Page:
Commission underlines the role of the social partners in fighting racism

Speaking in March 1997 at a conference on the fight against racism and xenophobia, organised by the European Trade Union Confederation (ETUC), commissioner Padraig Flynn highlighted the important contribution of the social partners in combating racism in the workplace and in society as a whole.

Over the past decade there has been increasing concern among the institutions of the European Union about the rising tide of racism across the member states. In a recent address to a conference on combating racism organised by the ETUC, social affairs commissioner Padraig Flynn highlighted the importance of the fight against racism in "achieving improved working conditions, creating jobs, improved industrial relations, the use of human resources to the best possible effect, social justice, equal opportunities, wealth and tolerance".

At the conference, held on 21 March - a day declared International Day against Racism by the United Nations- Mr Flynn acknowledged the impact of high unemployment on the spread of racism and xenophobia. He particularly warned against "institutionalised discrimination" which, he argued, was still all too present in the labour market, and manifested itself in discrimination in job interviews, training and everyday work situations.

The commissioner acknowledged that the current European Year Against Racism could not solve all problems and admitted that the European institutions where themselves perpetrators and victims of years of quiet discrimination, and reflected very little of the cultural and racial diversity present in the European Union.

Mr Flynn argued that the real power of the European Year Against Racism lay in its ability to galvanise individuals and organisations into action and providing encouragement and support to initiatives involving people from ethnic minority groups. He highlighted in particular the important role played by the social partners in the fight against racism.

Speaking at the same conference, the general secretary of ETUC, Emilio Gabaglio, reiterated the trade unions' support for the European Year Against Racism, but at the same time stressed the importance of going beyond declarations and giving the Community proper jurisdiction over all areas of discrimination. This is currently restricted to equality between men and women, but should also include discrimination on the grounds of race, religion, age and disability. ETUC called for a general non-discrimination clause to be included in the revised Treaty, and wants to see greater jurisdiction for the Community over the rights of third-country immigrants.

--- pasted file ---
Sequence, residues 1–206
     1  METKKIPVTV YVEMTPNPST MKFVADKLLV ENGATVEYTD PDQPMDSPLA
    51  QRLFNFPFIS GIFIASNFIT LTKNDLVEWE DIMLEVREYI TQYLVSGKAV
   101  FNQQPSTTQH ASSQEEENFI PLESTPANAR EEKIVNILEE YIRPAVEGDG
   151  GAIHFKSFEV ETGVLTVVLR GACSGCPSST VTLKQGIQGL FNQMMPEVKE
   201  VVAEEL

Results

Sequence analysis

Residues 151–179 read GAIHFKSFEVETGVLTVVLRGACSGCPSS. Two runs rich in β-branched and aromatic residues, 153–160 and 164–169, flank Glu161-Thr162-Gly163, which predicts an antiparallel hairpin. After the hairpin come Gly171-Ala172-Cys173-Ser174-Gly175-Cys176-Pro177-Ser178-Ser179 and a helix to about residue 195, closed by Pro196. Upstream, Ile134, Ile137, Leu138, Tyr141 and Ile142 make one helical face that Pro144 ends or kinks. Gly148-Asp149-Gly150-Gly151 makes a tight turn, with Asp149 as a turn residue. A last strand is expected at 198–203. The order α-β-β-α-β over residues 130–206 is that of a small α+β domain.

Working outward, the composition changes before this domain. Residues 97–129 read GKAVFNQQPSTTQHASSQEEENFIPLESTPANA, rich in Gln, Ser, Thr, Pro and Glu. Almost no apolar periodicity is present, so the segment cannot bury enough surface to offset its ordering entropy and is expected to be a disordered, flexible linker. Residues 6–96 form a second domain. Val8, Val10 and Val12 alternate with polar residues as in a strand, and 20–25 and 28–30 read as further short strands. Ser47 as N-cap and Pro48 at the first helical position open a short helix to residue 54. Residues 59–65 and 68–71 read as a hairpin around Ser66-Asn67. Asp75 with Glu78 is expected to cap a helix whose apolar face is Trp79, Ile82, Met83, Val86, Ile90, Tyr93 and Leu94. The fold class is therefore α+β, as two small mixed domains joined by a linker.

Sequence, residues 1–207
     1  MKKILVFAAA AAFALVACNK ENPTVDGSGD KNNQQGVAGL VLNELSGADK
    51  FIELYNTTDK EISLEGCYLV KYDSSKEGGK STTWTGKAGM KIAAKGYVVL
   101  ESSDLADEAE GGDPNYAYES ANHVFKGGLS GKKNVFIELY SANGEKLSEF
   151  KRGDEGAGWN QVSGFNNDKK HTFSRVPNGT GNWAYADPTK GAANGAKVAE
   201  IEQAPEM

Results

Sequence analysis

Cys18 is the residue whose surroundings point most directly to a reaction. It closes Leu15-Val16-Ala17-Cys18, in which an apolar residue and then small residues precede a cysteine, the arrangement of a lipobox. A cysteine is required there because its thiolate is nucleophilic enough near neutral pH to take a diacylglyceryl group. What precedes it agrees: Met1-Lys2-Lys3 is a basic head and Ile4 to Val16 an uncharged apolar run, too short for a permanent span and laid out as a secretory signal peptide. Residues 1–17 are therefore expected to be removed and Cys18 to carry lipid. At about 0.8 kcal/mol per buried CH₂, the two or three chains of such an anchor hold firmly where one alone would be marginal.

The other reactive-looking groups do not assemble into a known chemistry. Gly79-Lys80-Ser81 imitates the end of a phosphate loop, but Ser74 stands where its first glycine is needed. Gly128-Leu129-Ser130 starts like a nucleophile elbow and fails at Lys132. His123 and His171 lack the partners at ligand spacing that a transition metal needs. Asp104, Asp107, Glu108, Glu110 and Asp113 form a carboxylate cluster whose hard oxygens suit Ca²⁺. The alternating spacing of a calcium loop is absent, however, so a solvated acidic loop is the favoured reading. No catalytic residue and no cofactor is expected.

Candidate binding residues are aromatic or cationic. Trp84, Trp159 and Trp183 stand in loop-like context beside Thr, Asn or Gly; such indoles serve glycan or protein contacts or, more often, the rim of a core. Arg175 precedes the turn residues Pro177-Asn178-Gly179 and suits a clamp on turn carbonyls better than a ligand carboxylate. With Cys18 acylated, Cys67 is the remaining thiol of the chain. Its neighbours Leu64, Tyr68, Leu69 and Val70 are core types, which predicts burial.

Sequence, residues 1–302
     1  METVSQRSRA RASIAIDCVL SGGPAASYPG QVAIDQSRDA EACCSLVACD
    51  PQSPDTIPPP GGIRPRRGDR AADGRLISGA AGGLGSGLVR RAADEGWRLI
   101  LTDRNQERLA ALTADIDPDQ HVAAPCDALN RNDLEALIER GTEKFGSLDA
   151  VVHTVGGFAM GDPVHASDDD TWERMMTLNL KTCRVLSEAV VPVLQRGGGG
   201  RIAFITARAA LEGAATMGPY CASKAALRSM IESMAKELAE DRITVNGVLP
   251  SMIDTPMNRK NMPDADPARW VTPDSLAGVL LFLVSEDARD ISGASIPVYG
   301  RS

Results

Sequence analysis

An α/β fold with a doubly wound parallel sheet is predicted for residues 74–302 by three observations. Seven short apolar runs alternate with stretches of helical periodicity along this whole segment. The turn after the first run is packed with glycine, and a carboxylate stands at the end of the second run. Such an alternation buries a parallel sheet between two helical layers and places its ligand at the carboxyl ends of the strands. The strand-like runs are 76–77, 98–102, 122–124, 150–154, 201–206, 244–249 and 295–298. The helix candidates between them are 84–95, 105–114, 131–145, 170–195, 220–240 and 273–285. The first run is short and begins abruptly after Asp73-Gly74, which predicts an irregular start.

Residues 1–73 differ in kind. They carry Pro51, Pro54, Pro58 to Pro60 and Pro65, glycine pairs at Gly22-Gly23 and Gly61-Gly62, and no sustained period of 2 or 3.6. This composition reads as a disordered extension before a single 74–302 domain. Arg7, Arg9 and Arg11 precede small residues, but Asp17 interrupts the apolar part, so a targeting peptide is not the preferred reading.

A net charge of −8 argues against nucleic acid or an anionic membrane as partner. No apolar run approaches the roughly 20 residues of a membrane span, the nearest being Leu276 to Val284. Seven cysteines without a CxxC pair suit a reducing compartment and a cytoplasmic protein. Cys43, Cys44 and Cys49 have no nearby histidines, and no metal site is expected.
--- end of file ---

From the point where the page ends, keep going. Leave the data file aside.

Speaking for the Union of Industrial and Employers' Confederations of Europe (UNICE), its general secretary, Zygmunt Tyszkiewicz, underlined employers' support for the European Year. UNICE itself has issued guidelines to help employers act against the incidence of racism in the workplace.

At the social dialogue summit in Florence in October 1995, the social partners ETUC, UNICE and the European Centre of Enterprises with Public Participation and of Enterprises of General Economic Interest (CEEP) adopted a declaration on measures to combat racism and xenophobia, which covered the areas of policy and planning, recruitment and selection, training and development, implementation, dismissal and redundancies and effective approaches to discrimination. This declaration opposed all discrimination on the grounds of race or ethic origin in the labour market and was supportive of positive action where this was required to improve access for under-represented groups.

March also saw the launch of a Commission proposal for the establishment of a monitoring centre for racism and xenophobia and a call for projects aimed at tackling racism.

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